With a look into a Bible concordance, one will discover that God’s message is saturated with not only cities, but also the land features of hills, wilderness and rocks. Mountains are mentioned more than 500 times in the Bible, seas are cited more than 450 times and water is mentioned more than 700 times.
As a student of the Bible, a working knowledge of the chief features of the land of Israel is indispensable, because so many familiar and important events occur upon them. Like observing any drama, a familiarity with the stage on which it takes place helps the viewer to follow the plot, and also assists in remembering key parts of the story.
In the same way, studying the geography of the Bible imparts a better understanding of the plot, along with providing the insight that comes from personally entering into what can be called “geographical typology.” That means we can see the landscape of our own lives in the biblical drama as the drama relates to the land.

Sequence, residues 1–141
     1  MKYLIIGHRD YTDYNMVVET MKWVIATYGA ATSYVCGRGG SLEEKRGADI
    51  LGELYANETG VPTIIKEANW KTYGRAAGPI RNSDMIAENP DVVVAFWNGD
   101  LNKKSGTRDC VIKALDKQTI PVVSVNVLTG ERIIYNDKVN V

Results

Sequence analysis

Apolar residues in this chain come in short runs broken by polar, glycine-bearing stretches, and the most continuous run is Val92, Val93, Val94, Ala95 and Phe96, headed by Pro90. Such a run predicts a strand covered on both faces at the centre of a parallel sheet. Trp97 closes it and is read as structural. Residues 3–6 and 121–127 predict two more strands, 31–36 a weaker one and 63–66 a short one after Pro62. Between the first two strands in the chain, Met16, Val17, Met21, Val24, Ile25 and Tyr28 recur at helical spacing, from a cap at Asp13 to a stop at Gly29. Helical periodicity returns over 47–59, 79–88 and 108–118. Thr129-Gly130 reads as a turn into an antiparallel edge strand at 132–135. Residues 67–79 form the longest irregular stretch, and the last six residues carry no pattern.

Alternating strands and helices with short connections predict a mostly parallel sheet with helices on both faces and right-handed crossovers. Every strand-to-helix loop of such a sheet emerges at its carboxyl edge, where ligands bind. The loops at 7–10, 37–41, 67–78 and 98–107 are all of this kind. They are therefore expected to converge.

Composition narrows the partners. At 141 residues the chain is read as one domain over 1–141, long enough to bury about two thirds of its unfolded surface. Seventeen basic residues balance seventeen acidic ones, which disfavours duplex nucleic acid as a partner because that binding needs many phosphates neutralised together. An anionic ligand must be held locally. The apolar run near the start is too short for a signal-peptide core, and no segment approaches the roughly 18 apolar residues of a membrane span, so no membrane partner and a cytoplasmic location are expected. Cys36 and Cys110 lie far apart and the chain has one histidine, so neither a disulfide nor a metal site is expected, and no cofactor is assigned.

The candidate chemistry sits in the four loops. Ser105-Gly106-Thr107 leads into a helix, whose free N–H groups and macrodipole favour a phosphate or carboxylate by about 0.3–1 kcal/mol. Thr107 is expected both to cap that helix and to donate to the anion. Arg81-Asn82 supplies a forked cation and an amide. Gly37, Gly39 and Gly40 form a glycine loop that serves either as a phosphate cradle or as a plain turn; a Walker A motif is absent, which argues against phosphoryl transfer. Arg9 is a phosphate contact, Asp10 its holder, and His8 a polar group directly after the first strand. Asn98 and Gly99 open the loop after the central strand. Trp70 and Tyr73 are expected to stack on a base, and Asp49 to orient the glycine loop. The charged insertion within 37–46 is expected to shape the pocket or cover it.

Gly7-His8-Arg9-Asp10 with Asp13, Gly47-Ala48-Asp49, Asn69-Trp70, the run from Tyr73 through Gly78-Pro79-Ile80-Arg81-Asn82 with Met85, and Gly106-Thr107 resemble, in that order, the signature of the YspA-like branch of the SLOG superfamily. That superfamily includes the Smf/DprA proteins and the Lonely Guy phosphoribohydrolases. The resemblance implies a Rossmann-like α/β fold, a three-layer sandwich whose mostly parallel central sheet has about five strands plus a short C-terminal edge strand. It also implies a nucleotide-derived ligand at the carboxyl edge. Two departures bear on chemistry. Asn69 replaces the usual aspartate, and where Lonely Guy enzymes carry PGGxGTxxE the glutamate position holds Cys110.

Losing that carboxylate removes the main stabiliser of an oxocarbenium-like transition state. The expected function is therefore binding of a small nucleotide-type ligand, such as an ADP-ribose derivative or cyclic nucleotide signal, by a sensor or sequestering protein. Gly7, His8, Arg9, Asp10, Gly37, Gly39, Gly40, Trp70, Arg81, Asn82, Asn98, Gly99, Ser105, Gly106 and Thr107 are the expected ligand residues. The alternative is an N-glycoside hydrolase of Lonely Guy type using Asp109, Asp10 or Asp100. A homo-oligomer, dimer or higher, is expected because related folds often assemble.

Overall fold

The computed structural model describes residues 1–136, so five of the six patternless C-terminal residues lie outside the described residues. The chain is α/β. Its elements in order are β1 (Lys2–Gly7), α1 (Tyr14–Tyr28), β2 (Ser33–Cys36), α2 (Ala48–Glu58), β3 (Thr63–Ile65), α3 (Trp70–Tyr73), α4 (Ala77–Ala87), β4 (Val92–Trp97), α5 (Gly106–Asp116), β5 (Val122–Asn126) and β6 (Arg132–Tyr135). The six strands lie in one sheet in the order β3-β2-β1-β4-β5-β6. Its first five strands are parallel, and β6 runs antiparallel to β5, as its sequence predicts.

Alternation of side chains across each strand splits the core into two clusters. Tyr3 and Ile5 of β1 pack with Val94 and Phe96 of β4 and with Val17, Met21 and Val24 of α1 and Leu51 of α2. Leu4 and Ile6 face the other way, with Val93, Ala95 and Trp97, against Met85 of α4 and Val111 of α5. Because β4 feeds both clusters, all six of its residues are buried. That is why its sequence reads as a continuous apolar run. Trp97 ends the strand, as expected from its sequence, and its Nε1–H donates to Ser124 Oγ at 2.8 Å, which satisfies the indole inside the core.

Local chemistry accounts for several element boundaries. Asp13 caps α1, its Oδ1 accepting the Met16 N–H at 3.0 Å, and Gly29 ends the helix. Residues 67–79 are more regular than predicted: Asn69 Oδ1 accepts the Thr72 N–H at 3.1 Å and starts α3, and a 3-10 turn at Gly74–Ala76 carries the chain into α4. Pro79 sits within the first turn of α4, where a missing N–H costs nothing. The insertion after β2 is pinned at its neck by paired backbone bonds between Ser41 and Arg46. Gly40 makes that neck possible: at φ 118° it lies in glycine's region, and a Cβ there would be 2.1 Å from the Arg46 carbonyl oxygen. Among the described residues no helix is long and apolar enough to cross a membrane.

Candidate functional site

Using biblical typology, let’s look at the land of Canaan and discover a little bit about ourselves. To the people of the Old Testament, the known world contained less than one-half of the land area of the United States, with one third of it being desert. Populations grew up along what is called the fertile crescent, starting at the head of the Persian Gulf to the east and moving in a northwesterly direction up the valley between the Tigris andEuphrates rivers. Turning southward, the traveler enters Syria passing through the beautiful valley between the Lebanon mountains. Continuing southward, there are several routes through Canaan toward the land of Egypt to the southwest.